- Taussig, Michael
- Professor of anthropology at Columbia University. Taussig’s book Shamanism, Colonialism, and the Wild Man: A Study of Terror and Healing (1987) provides the foremost consideration of the work of Amazonian shamans confronted by and confronting the devastation of colonialism. It not only discusses healing, performance, and sorcery but also considers shamans’ political and cultural leadership (even when they may be marginal, ambiguous, and even feared members of their communities). Taussig also documents the widespread suspicion that European colonialism itself is a form of sorcery or “magia” that shamans, some using ayahuasca (yagé), can attempt to combat. Similar accusations against those who succeed or become rich are significant aspects of witchcraft discourse not only in Amazonia but also in Africa and elsewhere. All of this contributes to an understanding of the resilience of indigenous cultures, especially as they incorporate elements of originally discrete cultural practices and knowledge. Taussig’s work is an important challenge to romantic views of shamans as heroic and exceptional characters. His earthy, bawdy, and matter-of-fact confrontation with the devastating facts of colonial life roots his books in a more gritty reality, albeit sometimes in a trickster-like manner.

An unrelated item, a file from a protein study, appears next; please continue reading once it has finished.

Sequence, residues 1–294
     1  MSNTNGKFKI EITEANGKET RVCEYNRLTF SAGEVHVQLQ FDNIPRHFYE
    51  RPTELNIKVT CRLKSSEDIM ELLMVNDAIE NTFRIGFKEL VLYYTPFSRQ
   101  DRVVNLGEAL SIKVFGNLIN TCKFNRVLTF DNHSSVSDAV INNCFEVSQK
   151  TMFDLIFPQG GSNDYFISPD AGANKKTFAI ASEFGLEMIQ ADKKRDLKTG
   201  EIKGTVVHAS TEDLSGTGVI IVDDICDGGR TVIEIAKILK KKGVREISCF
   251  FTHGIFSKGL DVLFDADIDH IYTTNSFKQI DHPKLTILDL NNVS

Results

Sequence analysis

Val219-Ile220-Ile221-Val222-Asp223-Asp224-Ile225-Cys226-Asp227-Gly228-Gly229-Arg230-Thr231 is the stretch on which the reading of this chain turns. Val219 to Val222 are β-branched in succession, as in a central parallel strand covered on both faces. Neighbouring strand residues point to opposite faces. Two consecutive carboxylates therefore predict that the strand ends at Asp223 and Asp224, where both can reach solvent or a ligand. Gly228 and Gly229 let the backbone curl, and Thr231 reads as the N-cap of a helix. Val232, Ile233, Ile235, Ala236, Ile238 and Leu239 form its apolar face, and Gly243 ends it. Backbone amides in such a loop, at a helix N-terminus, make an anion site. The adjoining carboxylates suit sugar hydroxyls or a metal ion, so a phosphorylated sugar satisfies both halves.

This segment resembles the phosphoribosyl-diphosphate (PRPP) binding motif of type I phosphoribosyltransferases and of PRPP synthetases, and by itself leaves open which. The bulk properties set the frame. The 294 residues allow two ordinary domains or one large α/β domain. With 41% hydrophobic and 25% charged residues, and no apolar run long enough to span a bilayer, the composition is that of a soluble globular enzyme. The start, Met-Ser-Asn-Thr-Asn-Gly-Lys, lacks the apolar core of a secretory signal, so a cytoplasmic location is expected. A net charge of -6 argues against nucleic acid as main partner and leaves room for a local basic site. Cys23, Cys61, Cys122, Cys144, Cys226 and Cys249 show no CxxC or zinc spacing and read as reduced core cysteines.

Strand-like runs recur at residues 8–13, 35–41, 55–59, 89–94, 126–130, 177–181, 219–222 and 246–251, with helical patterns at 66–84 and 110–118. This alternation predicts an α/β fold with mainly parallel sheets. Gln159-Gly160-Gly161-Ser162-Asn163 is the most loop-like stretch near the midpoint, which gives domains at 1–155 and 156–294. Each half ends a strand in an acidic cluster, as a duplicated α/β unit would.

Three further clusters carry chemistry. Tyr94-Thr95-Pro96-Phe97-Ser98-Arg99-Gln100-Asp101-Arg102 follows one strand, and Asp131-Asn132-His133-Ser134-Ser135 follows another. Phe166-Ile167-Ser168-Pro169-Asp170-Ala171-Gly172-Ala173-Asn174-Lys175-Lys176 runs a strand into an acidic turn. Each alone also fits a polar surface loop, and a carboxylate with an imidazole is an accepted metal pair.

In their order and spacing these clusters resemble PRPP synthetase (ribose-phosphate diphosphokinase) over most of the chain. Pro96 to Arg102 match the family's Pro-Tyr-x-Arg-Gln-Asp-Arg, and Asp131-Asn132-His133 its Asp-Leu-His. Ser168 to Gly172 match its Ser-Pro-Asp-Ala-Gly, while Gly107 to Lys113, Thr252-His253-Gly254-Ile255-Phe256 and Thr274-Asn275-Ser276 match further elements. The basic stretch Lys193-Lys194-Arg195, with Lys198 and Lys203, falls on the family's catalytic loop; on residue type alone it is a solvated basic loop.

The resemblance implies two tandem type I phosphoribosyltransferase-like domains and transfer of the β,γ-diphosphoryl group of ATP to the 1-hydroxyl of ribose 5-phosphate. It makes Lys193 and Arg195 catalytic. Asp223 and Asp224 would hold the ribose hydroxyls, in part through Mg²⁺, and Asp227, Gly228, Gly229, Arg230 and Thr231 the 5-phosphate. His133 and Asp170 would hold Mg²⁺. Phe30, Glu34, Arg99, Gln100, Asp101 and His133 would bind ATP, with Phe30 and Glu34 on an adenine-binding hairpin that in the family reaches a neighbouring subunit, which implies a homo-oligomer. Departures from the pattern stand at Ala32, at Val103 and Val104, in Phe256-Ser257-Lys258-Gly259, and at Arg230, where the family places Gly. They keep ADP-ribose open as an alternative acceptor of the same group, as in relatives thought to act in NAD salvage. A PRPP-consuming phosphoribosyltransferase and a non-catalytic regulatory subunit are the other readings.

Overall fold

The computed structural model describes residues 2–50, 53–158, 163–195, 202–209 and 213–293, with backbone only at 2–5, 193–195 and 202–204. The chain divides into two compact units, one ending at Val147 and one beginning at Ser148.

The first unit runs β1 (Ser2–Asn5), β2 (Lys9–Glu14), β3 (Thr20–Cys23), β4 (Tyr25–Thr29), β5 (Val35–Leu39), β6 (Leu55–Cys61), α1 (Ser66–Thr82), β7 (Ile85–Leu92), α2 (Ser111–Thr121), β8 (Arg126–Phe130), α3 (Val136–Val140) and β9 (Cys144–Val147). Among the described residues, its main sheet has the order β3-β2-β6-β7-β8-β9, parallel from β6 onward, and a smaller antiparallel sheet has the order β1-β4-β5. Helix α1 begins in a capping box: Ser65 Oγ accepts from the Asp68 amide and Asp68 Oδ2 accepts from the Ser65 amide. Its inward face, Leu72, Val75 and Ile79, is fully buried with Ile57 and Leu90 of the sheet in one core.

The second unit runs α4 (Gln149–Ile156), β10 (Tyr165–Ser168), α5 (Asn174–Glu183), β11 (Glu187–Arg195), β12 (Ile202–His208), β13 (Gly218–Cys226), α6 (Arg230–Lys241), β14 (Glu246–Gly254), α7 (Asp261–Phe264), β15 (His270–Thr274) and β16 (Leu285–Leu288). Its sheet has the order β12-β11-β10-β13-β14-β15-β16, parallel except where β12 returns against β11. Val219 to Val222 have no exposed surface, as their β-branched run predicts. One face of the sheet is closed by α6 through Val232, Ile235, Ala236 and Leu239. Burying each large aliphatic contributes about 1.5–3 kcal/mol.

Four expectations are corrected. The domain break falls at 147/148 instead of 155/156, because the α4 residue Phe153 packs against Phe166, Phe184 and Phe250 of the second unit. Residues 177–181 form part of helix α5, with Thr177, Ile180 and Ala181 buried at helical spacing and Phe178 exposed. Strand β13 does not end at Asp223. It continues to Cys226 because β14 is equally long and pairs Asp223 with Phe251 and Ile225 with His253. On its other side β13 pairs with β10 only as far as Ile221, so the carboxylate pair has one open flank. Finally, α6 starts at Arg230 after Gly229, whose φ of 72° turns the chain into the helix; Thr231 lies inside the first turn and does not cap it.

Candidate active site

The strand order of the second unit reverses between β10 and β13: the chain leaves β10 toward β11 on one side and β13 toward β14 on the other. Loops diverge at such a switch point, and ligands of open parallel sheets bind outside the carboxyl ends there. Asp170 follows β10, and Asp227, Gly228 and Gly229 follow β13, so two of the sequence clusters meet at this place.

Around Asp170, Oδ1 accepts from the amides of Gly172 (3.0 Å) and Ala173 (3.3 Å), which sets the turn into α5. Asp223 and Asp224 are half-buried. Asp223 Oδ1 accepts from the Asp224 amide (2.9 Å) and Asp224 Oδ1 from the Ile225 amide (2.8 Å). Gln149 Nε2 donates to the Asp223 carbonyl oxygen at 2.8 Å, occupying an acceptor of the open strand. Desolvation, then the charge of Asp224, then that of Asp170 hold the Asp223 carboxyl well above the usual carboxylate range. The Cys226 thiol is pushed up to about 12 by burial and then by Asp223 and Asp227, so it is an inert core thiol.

Historical dictionary of shamanism. Graham Harvey and Robert J. Wallis. 2007.